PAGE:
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Lack of Laughter 

In 'Soul Men', Samuel L. Jackson and the late Bernie Mac are great; too bad the movie around them stinks

I wanted to start by noting that recently deceased comedian Bernie Mac (peace be upon him) stars in Soul Men, and that you shouldn't speak ill of the dead. Then the rest of the page was just going to be blank. Ha! But my so-called "editor" said that people wouldn't appreciate seeing a blank page after paying $0 for our free newspaper. So, "people," here's me having to type out a review for you.

To be fair, Bernie Mac is not the problem with this film. He's actually pretty good. His performance can be likened to that of a man who's been asked to juggle a handful of poop. To his credit, Mac juggles that poop for an hour and a half. It's a pretty amazing feat. But in the end, it's still poop that he's juggling.

So it is with Soul Men, a mediocre, and often sub-mediocre, comedy about two aging soul musicians who reunite for the funeral of their former bandmate. Of course, the two soul men hate each other, and they must go on a road trip together from Los Angeles to New York, and along the way, they have adventures and learning and special feelings which result in boners of love. Plus, they do the sorts of things that old people do in movies: They beat up young punks and have sex with young women. So it's basically a funkier version of Grumpy Old Men.

Unfortunately, it also includes the following ingredients: a rectal exam, nose-picking, toothless blowjobbery and naked white people (not the good kind of naked white people). All of those elements would be tolerable if they were accompanied by some measure of laughter. Sadly, when these elements appear, even the most precise, modern systems of measurement can find no laughter.

Of course, there are other elements in the film, and they're not all bad. First off, Bernie Mac and Samuel L. Jackson, as Floyd Henderson and Louis Hinds of soul band The Real Deal, are pretty great. Lately, Jackson has just been playing the same character over and over again: the Jheri curl Jedi knight who growls and snarls his way through some dialogue and then kicks and/or beats some ass. But in Soul Men, surprisingly enough, he shows some real depth. Sure, he growls and snarls and does all the things that we expect of Samuel L. Jackson, but at the same time, he clearly decided not to play a super-powered space assassin with an anger-management problem, and instead decided to play a version of Samuel L. Jackson that might exist in the real world.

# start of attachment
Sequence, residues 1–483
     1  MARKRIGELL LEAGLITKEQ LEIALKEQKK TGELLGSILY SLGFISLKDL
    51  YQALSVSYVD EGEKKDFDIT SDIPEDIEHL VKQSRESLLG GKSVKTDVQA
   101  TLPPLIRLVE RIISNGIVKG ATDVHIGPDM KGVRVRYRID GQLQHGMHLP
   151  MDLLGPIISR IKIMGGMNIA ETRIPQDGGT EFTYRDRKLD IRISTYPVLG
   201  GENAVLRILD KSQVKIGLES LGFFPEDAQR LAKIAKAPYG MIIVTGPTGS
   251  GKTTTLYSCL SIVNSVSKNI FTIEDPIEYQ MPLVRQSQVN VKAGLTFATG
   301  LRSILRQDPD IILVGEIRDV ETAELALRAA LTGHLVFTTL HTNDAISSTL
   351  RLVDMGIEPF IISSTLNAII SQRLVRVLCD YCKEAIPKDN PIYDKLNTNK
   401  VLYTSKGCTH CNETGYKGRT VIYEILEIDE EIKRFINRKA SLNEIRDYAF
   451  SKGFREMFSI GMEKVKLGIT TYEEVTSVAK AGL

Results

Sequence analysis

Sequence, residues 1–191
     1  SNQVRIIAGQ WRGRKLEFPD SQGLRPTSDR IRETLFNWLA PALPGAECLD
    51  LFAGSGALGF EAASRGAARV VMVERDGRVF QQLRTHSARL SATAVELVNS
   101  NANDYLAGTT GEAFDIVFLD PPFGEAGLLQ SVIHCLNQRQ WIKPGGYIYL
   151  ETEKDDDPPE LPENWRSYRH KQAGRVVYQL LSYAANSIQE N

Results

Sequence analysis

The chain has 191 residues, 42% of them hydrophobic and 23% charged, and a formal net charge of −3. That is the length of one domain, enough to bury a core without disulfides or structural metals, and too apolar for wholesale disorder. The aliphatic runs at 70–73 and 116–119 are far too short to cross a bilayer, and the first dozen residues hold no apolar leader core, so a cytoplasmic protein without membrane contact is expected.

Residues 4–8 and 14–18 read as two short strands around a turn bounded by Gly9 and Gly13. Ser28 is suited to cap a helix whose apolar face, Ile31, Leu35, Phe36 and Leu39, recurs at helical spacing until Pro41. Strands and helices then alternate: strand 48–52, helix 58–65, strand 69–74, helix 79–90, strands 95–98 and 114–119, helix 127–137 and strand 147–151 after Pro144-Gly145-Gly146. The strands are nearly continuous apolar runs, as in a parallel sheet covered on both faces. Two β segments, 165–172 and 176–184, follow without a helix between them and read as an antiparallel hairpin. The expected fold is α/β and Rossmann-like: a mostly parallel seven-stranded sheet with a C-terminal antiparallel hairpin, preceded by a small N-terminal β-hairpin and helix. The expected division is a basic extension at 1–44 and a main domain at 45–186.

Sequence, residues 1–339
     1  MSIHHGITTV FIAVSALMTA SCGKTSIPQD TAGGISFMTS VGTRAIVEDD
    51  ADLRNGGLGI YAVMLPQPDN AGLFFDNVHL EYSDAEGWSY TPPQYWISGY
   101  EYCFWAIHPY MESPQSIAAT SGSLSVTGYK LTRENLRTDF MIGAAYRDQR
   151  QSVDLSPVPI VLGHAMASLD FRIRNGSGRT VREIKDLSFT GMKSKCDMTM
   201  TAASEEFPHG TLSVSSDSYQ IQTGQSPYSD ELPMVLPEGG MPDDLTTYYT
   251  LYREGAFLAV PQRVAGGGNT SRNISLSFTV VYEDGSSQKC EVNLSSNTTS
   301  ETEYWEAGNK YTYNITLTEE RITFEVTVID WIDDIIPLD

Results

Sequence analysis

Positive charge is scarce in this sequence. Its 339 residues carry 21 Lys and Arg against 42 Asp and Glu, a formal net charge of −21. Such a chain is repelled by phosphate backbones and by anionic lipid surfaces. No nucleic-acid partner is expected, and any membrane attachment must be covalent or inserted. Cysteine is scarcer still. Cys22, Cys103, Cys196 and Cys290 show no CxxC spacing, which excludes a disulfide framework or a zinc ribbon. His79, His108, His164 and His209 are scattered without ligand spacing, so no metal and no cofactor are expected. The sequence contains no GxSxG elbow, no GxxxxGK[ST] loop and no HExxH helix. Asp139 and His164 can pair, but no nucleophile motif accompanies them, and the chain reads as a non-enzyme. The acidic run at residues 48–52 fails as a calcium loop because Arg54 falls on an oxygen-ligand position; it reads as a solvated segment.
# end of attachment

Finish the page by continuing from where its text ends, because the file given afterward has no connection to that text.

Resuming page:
Mac plays the Mac character, a luckless everyman surrounded by people who want to thwart his few remaining chances at happiness. So this is basically the Bernie Mac of The Bernie Mac Show, only now he's supposed to be of retirement age, hopped up on Viagra and boredom, and depressed with the meaninglessness of his once funktacular life. When he can no longer stand another round of golf, and his mouth is full of sleeping pills and booze, he wakes up to the possibility of restoring his soul career.

Which is sort of touching, maybe doubly so, because Mac's life was cut short before the film was released. It's a real shame, because Soul Men showcases his talents while not giving him much in the way of good material. With a real script and some decent direction, Mac could have knocked one out of the park. Here, he bunts and winds up on first, and then gets left there when the next three batters strike out.

Besides Mac and Jackson, the best part of the film is the costuming in the unfortunately brief flashback sequences. If, like me, you think fashion reached its peak in the days when psychedelic meshed with funk, the average Afro occupied three voting districts, and boots were no longer made for walking, but rather for displaying cut-out silver stars on their 8-inch-high maxi-wide heels, you, too, will enjoy these scenes. One of the great masters of that era, Isaac Hayes, has a bit part in this film, and he, too, passed away before its release.

So Soul Men is like a coffin full of awesome, buried in a pile of "meh."

Soul Men
Rated NR

More by James DiGiovanna

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